At the race start, I went for my lucky/standard warm-up jog (26.2 miles isn't long enough, eh?) and put on my Zoot Prophet 2.0 (Another quick aside... this suit has changed wetsuit swimming for me. A huge upgrade in my opinion from the 1st Prophet, it is incredibly comfortable and non-restrictive. It makes me love wetsuit swimming which has traditionally been a nemesis of mine). I did a warm-up swim for about 5 minutes and then we were called out of the water.

Calm & clear - ideal race morning conditions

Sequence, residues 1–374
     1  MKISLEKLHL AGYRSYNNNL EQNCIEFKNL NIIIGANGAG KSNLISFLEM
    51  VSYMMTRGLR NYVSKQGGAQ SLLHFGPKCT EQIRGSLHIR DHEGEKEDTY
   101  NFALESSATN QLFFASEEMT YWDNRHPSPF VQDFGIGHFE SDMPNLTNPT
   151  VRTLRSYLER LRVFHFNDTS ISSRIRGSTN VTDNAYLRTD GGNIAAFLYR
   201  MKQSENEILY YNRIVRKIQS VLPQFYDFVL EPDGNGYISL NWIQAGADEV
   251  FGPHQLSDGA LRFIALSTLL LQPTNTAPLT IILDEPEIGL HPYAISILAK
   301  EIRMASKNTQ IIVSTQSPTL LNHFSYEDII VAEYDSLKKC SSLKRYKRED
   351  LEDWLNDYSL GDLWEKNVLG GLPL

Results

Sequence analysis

As we lined up to go, I was sickly nervous as usual. The 30 minutes prior to race time in an Ironman are 30 minutes I'm still working on enjoying. I try my best to channel my anxiety into excitement, but it is very difficult for me. I'm never nervous about completing the race, I'm always just nervous about letting others down or being a failure in other people's eyes.. I dread people looking at their online trackers thinking, "oh dear, shocker of a swim!" or "her bike is hopeless!" or other things along the way. I say this because it's real and hopefully one day, I won't think this way, but in case you think this way as well, just wanted to let you know you're not alone.